When President Obama released his proposed FY 2010 budget recently, I thought it contained some subtle (and some not so subtle) jabs at the energy industry. Oil was, after all, was every politician’s favorite whipping boy until AIG came along. And what is the AIG mess other than a government created liability to taxpayers for another generation or two.
But when Treasury Secretary Timothy Geithner let loose a tirade targeting the oil industry recently at a Senate Finance Committee hearing in DC, even I was surprised by the directness of the attack. And not much surprises me anymore.
According to Reuters, Geithner said energy companies should not receive tax breaks because they contribute to global warming.
Geithner: “We (the administration) don’t believe it makes sense to significantly subsidize the production and use of sources of energy (like oil and gas) that are dramatically going to add to our climate change (problem). We don’t think that’s good economic policy…”
Really, Mr. Geithner? Affordable energy doesn’t make sense? Jobs on our own shores are a bad idea you say?
Like it, or not, our nation’s energy security right now and for the foreseeable future depends on the development of our nation’s fossil fuel resources, namely those beneath the Outer Continental Shelf and out west.
Like it, or not, expansion of traditional domestic energy resources would lead to the creation of 1.2 million good jobs, according to the American Energy Alliance. Growing our capacity for domestic production of fossil fuels will add more than $8 trillion to our GDP and $2 trillion in additional tax revenues.
So when the president singles out the energy industry – and no other sector – and says we’re going to repeal the Section 199 tax deduction for you and only you, I don’t understand the logic. That provision alone has a price tag of $13 billion. When you tote up all of Obama’s shots, we’re talking about a $90 billion tax hit.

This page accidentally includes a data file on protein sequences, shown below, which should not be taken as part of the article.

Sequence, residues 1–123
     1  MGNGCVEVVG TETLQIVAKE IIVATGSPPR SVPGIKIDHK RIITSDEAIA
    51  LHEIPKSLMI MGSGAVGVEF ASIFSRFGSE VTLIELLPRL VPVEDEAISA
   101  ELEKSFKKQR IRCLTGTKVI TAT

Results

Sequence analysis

The energy industry is one of the few that is weathering the recession. Unlike so many others, it isn’t standing in line with its hand out, waiting for big bailout bucks. It plans to continue development of domestic energy resources to decrease our nation’s reliance on foreign oil, thereby improving both our national security and our energy security. It plans to continue to invest capital (and infuse our economy with cash) and add jobs. It plans to keep working to ensure America has a long-term supply of safe and reliable energy.
Every time Geithner and Obama bail out another derivatives gambler with freshly printed money from nowhere, they ensure a return of inflation. Inflation raises the cost of energy, like it or not.
Every time Geithner and Obama use the specter of environmental collapse as an excuse to stop exploration using safe, proven, methods of domestic production of energy they raise the cost of energy, like it or not.
When they meddle in long term contracts and investments, it costs Americans jobs, more scarce dollars for energy, and a slowdown in economic growth.
We need oil and gas right now, Mr. President. Whether we produce it here, or abroad, is your choice. Like it, or not.